There was an 11% to 28% increased risk in the top nine levels of PM2.5 exposure compared with the lowest level. The risk increased significantly and gradually to 24% in the five lower levels up to 13 mcg/m3, corresponding to a 4.2% greater Parkinson’s risk for each additional mcg/m3 of PM2.5.
Beyond this level, the risk association rose more slowly and non-significantly, with a maximum increased risk, by 28%, in the eighth level.
People exposed to the median level of PM2.5 (12.93 mcg/m3) had a 56% significantly greater risk of Parkinson’s compared with those with the lowest level (2.16 mcg/m3), and those exposed to the highest levels had a 60% higher risk.
Similar risks were obtained when analyses were adjusted for medical conditions associated with PM2.5 that might facilitate Parkinson’s diagnosis, socioeconomic factors, access to neurologists, and pesticide use. This pattern was also the same across ages and for men and women, with slightly stronger associations among women.
“Despite years of research trying to identify the environmental risk factors of Parkinson’s disease, most efforts have focused on exposure to pesticides,” Krzyzanowski said. “This study suggests that we should also be looking at air pollution as a contributor in the development of Parkinson’s disease.”
When looking at different geographic regions across the U.S., the team found a general spatial association, with counties with above-average Parkinson’s risk also showing above-average PM2.5 levels and those with below-average risk having below-average exposure levels.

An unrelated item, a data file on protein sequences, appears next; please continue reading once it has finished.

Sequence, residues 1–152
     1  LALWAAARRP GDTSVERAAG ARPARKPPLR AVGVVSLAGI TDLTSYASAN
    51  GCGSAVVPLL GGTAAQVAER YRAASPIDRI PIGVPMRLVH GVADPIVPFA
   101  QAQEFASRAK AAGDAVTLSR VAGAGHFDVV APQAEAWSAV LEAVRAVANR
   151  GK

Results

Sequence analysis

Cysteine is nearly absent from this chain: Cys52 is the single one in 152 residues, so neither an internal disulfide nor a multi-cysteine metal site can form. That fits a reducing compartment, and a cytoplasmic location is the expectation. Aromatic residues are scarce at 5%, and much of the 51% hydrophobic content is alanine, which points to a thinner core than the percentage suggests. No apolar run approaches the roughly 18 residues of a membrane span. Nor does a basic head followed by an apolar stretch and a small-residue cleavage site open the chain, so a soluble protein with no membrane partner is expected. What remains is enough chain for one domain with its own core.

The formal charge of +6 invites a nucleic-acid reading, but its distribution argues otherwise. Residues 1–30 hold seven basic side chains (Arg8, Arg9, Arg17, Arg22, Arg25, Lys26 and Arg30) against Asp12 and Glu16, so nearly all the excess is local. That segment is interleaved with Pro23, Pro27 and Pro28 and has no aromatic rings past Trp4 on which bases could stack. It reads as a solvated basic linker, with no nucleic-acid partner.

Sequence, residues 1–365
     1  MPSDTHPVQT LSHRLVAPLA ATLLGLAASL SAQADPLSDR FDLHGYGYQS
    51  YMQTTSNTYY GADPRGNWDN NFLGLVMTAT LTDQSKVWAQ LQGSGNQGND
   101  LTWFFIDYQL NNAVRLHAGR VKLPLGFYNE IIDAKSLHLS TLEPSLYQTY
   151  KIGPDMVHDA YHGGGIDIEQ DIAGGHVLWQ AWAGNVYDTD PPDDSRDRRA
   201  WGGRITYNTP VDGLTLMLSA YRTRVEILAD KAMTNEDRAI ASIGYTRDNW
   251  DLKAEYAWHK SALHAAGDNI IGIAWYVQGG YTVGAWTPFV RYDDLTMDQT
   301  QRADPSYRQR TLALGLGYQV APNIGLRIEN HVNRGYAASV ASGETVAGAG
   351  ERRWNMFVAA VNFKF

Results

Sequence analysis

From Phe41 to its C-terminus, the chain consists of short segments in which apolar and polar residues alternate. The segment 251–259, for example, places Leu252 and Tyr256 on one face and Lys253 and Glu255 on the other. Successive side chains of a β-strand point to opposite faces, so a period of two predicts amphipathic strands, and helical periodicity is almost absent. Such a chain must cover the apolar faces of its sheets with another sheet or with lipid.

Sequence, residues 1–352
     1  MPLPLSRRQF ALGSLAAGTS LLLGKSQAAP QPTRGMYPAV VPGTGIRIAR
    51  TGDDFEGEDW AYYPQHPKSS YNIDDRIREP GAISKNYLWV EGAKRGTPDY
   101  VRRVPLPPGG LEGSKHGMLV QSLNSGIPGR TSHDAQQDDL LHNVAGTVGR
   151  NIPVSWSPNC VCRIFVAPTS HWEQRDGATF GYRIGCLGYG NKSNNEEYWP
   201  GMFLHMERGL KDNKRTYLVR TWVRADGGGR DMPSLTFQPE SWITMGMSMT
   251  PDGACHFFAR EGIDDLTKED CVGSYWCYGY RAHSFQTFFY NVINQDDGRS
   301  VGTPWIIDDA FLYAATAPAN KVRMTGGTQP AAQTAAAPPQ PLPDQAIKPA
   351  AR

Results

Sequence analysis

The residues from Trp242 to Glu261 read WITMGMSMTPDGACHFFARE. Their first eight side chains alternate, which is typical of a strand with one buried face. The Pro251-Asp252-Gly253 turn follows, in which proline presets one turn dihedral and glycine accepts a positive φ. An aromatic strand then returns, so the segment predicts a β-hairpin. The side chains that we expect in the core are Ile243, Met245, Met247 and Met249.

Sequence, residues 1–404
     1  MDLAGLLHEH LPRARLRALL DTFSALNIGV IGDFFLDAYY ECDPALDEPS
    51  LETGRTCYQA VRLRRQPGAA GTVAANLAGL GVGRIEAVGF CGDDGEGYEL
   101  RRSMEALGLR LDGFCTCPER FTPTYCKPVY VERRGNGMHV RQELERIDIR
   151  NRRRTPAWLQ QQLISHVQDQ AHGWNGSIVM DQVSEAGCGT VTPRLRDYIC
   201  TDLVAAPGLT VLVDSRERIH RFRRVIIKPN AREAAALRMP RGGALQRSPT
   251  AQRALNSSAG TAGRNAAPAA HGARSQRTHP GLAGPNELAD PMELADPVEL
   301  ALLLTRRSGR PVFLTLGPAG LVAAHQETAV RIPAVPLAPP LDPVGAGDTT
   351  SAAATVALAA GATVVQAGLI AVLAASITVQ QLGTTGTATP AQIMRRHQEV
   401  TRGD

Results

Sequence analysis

Parkinson’s risk 19% greater in Mississippi-Ohio River Valley hot spot
The risk of Parkinson’s was 19% greater in the Mississippi-Ohio River Valley hot spot, compared with the rest of the nation. This region has a high road network density, Krzyzanowski said, meaning “the pollution in these areas may contain more combustion particles from traffic and heavy metals from manufacturing which have been linked to cell death in the part of the brain involved in Parkinson’s disease.”
However, the strongest links between PM2.5 and Parkinson’s risk were detected in the western region — a cold spot — with 51 counties in the mountainous regions of Colorado and Wyoming showing a 15%-16% increased risk with each increasing level of PM2.5 exposure.
A weaker association was detected within the hot spot region, which included 118 counties north of the Mississippi-Ohio rivers in Indiana, Ohio, Illinois, and Missouri. Here, Parkinson’s risk increased by 3%-4% with each additional level of PM2.5 exposure.
There were also regions where low PM2.5 levels were linked to a higher Parkinson’s risk, including the North Dakota-Minnesota border, parts of the Mid-Atlantic, South-Atlantic, and part of Washington State, Idaho, and Montana.
“We identified strong regional associations between PM2.5 and [Parkinson’s disease] in the U.S,” the researchers wrote. “A deeper investigation into the subfractions of PM2.5 in those regions may provide insight into [Parkinson’s disease] risk factors.”
“Population-based geographic studies like this have the potential to reveal important insight into the role of environmental toxins in the development and progression of Parkinson’s,” Krzyzanowski said.
The study was supported by The Michael J. Fox Foundation for Parkinson’s Research, the U.S. Department of Defense, and the National Institute of Environmental Health Sciences.